When it comes to wedding design, wedding lighting is undoubtedly one of the most underrated elements. So, we’re here to remind you just how important lighting really is! It sets the overall mood for your wedding and allows you to show off all the pretty details you’ve spent months thinking about. Plus, you’ll want your guests to be able to properly enjoy their food and the dance floor, and you’ll want your photos to be exquisite. You can’t do any of those things with poor or insufficient lighting! If you’re not sure where to start, don’t know what to ask a lighting designer, or just need some inspiration to fit your wedding style, this handy guide will help you every step of the way.
Get to Know the Lighting Lingo
Before you start looking for lighting ideas or reaching out to vendors for quotes, you’ll want to know these key wedding lighting terms so you’ll know what you (and the pros) are talking about:
Uplighting – lights that are placed on the floor and shine up the walls in various colors
Gobo light – a template that light shines through to create a pattern, monogram, or motif on the floor, ceiling, or wall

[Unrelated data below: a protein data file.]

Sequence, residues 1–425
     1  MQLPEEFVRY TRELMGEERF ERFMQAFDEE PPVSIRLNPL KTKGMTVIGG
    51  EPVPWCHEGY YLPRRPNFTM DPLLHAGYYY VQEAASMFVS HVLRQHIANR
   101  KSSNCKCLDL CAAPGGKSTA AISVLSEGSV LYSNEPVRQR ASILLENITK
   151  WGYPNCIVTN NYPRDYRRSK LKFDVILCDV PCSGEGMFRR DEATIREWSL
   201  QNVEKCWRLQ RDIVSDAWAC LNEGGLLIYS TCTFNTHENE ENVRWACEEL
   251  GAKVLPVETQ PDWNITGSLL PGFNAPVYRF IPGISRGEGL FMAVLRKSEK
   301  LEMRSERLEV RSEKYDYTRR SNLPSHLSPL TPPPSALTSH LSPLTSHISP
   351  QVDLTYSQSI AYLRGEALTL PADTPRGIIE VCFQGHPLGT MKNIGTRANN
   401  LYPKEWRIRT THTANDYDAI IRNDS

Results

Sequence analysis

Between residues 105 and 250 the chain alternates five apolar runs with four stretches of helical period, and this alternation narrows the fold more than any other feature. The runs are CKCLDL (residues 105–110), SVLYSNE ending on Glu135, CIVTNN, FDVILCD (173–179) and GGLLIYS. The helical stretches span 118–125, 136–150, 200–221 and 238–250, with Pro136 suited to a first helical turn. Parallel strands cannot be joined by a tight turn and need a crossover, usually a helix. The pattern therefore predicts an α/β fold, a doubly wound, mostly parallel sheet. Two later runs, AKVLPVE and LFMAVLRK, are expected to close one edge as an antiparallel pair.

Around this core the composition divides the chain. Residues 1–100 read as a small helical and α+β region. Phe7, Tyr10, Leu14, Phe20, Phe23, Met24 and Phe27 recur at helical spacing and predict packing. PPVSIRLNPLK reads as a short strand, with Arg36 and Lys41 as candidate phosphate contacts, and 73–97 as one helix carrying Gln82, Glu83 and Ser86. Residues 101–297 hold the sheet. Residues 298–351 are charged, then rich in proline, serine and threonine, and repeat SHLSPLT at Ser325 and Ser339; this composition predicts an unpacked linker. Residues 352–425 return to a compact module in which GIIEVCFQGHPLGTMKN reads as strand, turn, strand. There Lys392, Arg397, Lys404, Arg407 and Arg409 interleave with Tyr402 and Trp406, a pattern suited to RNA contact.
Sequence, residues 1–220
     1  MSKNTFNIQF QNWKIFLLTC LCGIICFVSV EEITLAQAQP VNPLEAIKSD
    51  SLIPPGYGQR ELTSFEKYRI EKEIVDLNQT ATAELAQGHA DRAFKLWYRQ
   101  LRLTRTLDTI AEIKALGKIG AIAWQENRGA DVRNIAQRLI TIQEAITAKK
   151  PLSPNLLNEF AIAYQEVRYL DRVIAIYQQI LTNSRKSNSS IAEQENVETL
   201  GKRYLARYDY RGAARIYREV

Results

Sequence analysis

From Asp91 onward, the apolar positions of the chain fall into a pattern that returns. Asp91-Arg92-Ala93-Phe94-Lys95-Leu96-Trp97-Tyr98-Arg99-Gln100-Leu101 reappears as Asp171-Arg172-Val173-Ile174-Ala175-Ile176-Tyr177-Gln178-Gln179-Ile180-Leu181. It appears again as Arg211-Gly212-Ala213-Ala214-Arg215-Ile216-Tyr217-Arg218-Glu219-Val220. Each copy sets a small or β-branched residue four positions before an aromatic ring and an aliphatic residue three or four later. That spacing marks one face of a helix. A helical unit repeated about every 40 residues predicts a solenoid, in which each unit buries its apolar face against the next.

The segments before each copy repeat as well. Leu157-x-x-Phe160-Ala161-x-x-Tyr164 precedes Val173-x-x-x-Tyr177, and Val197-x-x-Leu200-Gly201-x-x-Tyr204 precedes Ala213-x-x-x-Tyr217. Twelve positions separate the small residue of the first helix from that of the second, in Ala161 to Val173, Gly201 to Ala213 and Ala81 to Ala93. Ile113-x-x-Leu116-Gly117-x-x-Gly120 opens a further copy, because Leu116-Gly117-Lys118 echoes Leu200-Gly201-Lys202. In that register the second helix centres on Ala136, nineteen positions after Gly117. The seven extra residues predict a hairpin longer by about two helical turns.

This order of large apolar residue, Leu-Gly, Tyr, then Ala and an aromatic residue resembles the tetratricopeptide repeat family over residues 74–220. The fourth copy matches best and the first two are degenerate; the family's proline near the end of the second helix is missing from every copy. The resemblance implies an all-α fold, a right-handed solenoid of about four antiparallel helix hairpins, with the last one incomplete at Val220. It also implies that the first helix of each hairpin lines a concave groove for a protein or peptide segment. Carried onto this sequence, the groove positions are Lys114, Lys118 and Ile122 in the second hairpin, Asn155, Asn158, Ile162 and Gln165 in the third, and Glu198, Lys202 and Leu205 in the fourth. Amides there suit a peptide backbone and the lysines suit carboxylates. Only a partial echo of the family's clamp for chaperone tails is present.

Texture lighting – the same as a Gobo light but with a preset pattern, such as leaves or a starry night sky
Spotlight – a lamp that projects a narrow beam of light on one particular area or object
Pinspot – a tiny light used to illuminate a small area, such as a centerpiece on a table
String lights – also referred to as twinkle, fairy, bistro, or cafe lights, these strands of lights are the most versatile and cost-effective way to light up any space
Pendants – also known as drop or suspender lights, these are single fixtures that hang from the ceiling
LED light – type of bulb that is cost-effective, long-lasting, and provides more vibrant color than a traditional bulb
Color wash – a general fill of color used throughout an entire room that doesn’t highlight any particular area
Wedding Lighting Cost